LoRa is a very popular LPWAN technology and uses “Spread Spectrum”, a technique famously patented by Hollywood actress Hedy Lamarr. It involves continually changing the frequency of the narrowband signal, utilizing Ms. Lamarr’s observation that you can maintain communication performance by injecting more bandwidth. This is an inefficient use of bandwidth, creating more noise in an already congested environment. There are additional mitigation techniques using different spreading factors and bandwidth combinations (or simply more receivers), but this can dramatically increase network complexity.
Quality of service in both “ultra-narrow band” and “Spread Spectrum” is further impacted as they use asynchronous communication, i.e., data is not transmitted at regular intervals. Retransmission is an option to overcome this but aggravates the congestion issue.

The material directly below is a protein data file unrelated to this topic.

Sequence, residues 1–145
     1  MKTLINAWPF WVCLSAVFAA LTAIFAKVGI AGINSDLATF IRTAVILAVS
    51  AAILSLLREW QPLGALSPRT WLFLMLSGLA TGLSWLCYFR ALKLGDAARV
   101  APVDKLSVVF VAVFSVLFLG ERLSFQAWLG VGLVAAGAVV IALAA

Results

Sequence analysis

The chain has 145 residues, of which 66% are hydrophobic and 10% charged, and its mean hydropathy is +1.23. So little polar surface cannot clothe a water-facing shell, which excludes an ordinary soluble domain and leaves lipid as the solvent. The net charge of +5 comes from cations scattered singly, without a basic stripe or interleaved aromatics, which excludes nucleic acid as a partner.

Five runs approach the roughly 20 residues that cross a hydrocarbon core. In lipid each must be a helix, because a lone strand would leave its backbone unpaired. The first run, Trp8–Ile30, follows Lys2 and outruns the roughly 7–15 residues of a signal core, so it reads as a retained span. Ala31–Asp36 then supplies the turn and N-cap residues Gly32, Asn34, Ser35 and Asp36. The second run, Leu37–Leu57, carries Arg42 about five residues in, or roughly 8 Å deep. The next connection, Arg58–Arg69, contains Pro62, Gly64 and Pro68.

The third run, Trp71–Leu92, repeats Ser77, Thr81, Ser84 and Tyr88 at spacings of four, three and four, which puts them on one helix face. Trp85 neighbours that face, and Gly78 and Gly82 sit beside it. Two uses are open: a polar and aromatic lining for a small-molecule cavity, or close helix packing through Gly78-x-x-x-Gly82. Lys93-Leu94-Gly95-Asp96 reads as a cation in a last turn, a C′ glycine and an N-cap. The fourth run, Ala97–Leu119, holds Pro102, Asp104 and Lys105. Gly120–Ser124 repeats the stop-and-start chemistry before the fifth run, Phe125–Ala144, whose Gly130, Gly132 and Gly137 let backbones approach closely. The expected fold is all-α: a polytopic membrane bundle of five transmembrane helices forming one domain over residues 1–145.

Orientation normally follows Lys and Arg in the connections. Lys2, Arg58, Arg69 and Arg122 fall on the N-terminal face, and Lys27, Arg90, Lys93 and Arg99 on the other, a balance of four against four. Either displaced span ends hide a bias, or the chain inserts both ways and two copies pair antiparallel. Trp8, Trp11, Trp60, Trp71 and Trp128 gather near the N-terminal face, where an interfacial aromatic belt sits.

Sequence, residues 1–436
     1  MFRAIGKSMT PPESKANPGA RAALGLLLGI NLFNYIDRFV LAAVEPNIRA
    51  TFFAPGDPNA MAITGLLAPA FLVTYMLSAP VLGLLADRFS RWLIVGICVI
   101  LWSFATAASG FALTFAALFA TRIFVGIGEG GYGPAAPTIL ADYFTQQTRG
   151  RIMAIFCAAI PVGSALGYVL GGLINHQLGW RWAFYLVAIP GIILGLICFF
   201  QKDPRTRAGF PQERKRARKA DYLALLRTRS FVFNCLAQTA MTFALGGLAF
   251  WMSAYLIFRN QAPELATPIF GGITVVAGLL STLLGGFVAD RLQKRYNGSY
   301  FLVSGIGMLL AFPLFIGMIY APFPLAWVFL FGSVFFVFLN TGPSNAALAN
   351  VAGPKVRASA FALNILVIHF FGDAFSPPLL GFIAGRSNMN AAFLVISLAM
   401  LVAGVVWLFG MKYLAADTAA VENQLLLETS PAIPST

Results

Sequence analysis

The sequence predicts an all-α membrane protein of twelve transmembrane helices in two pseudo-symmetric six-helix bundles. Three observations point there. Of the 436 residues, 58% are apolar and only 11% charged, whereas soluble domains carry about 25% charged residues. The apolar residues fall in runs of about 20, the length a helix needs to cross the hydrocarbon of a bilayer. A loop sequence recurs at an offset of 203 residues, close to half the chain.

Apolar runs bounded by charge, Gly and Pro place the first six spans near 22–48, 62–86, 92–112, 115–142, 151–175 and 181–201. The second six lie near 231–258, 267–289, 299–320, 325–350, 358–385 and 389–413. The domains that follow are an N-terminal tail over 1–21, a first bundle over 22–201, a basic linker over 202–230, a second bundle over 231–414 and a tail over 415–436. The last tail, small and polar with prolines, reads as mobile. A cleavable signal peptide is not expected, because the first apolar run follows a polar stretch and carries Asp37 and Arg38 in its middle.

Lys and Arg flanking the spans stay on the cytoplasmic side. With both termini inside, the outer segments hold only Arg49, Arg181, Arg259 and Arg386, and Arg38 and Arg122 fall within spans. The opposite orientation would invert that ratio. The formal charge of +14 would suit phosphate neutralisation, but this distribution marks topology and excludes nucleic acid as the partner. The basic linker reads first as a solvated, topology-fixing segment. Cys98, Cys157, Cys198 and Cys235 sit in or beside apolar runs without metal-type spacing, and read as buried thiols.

In the unlicensed spectrum, the only technique derived from a standards body is “Telegram Splitting”, which follows ETSI-TS-103-357 and entails dividing an ultra-narrowband telegram into sub-packets and sending them at random frequencies and times. This reduces the time and the bandwidth used in data transmission and when combined with forward error correction, the susceptibility to interference. MIoTY utilizes this technique.
In the licensed spectrum, everything is standards-based, underpinned by established cellular technologies, which provides excellent quality of service. NB-IoT is the cellular LPWAN technology but both NB-IoT and LTE-M, used for IoT requiring higher bandwidths, are backward-compatible to 5G. This is important as 5G’s massive Machine Type Communication (mMTC) released in 2022 will improve the device development density and power consumption, bringing these elements in line with non-licensed technologies. Cost point has always been an issue with cellular, but this should also be addressed with 5G’s more effective network architecture to support IoT and other advances such as moving to eSIM/iSIM.
Massive scale presents other problems beyond connectivity, such as supply chain control, device management and security.